Anthracnose in papaya fruit inhibited by plant-extracted essential oils

Essential oils extracted from different plants could be used to prevent the decay of papaya fruit and prolong its storage life. Researchers from the University of Florida, as well as the Shahid Beheshti University in Iran, arrived at this result after testing five plant-extracted essential oils and studied whether the oils can inhibit anthracnose-induced fruit decay.

  • For the study, the team extracted essential oils from thyme, savory, mint, cinnamon, and lavender plants. Using gas chromatography-mass spectrometry (GC/MS), physicochemical components for each plant-derived oil were identified.
  • To create conditions for fruit rot, the team used an isolate of the fungal plant pathogen Colletotrichum gloeosporioides, which was identified using the polymerase chain reaction method.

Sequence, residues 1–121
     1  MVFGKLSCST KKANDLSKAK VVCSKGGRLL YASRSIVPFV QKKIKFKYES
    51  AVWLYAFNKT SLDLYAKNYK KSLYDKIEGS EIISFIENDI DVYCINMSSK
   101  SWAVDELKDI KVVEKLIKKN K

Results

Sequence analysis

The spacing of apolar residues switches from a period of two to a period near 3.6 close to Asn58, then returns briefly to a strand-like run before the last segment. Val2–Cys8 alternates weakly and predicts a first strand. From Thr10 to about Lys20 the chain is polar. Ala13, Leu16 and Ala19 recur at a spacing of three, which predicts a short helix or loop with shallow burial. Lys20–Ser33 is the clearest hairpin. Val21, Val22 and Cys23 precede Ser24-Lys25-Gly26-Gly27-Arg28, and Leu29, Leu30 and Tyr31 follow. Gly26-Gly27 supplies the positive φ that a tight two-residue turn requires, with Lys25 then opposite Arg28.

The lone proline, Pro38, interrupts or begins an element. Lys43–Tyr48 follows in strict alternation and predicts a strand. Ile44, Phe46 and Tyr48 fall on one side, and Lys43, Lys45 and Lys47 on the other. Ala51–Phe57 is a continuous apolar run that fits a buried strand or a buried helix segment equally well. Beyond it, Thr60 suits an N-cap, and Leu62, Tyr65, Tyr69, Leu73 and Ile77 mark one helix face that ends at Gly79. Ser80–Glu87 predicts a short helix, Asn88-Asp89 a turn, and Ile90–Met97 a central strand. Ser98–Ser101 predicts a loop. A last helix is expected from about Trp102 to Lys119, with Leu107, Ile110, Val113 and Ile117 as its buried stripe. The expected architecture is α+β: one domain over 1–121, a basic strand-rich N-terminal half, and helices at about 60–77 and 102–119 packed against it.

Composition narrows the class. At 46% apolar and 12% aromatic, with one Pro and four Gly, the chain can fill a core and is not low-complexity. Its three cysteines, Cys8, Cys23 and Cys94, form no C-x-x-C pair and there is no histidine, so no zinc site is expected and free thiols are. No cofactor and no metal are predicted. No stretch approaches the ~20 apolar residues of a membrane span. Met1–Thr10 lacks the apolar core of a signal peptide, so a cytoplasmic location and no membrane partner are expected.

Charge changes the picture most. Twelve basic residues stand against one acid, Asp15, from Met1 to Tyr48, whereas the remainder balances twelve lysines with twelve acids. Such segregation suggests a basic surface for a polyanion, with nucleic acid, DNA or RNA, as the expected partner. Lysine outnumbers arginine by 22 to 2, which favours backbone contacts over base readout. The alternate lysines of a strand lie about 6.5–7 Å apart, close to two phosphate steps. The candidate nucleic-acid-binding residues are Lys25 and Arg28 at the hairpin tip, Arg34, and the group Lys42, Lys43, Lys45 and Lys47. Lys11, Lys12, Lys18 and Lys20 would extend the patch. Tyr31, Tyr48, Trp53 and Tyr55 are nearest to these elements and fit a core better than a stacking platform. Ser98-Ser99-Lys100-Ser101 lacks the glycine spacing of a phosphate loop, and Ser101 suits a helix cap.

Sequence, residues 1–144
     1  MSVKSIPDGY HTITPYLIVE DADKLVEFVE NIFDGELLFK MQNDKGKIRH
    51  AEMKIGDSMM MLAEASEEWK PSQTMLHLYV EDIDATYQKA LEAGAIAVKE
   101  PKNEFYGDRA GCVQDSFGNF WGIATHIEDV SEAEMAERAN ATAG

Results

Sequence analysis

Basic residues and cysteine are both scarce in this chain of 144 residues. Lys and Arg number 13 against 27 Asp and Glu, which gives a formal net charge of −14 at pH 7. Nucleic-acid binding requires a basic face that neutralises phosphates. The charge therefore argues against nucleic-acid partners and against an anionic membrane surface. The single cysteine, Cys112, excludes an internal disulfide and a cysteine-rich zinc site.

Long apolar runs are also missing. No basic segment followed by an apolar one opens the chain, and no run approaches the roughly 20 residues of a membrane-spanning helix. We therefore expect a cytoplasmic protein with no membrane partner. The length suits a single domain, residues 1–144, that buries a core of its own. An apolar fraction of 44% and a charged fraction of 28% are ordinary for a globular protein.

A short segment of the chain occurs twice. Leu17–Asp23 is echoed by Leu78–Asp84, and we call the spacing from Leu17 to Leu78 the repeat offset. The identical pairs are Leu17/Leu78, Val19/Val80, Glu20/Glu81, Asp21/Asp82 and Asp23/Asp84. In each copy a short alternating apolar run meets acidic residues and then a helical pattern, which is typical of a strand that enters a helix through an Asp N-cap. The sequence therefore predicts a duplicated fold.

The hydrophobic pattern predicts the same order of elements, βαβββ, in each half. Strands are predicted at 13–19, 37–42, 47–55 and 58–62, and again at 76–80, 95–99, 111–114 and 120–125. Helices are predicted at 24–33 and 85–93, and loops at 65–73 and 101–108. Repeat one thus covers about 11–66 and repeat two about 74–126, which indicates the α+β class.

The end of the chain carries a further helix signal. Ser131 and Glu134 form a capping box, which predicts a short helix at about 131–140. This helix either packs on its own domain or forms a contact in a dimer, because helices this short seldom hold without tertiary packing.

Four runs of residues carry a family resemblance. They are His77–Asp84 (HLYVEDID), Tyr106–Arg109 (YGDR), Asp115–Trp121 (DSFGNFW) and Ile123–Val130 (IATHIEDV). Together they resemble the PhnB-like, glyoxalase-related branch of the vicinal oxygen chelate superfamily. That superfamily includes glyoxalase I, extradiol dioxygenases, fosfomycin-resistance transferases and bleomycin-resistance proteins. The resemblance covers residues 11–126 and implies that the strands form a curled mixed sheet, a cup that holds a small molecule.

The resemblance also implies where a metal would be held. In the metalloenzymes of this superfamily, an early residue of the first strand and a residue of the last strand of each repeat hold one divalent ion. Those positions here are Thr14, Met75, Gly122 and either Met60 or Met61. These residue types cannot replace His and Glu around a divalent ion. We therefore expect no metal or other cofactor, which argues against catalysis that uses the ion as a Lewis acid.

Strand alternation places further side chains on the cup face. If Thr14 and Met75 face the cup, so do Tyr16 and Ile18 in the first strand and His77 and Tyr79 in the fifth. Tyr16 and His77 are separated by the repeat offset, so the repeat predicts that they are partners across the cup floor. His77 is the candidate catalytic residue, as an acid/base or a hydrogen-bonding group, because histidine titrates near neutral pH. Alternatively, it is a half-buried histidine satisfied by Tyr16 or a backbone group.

• The essential oils were then tested against the C. gloeosporioides, both in a controlled setup and in a live plant.
  • Looking at the in vitro results, researchers found a 100-percent reduction of mycelium growth for both savory and thyme essential oils. In vivo experiments, however, resulted in a 64.07- and 54.82-percent reduction in fruit decay and a 59.26- and 58.40-percent decrease in lesion diameter, respectively.
  • Compared with other essential oils, applications of savory and thyme essential oils resulted in sustained firmness, even after exposure to the anthracnose fungus.
  • Of the essential oils that were tested, savory oil with carvacrol and thyme oil with thymol were considered to be the most effective in reducing fruit rot caused by anthracnose both in vivo and in vitro.

Researchers found that savory essential oil has merits to be used as a natural fungicide to manage fruit rot and prolong the storage life of papaya fruit.

Journal Reference:

Sarkhosh A, Schaffer B, Vargas AI, Palmateer AJ, Lopez P, Soleymani A, Farzaneh M. ANTIFUNGAL ACTIVITY OF FIVE PLANT-EXTRACTED ESSENTIAL OILS AGAINST ANTHRACNOSE IN PAPAYA FRUIT. Biological Agriculture & Horticulture. 27 July 2017;34(1):18–26. DOI: 10.1080/01448765.2017.1358667

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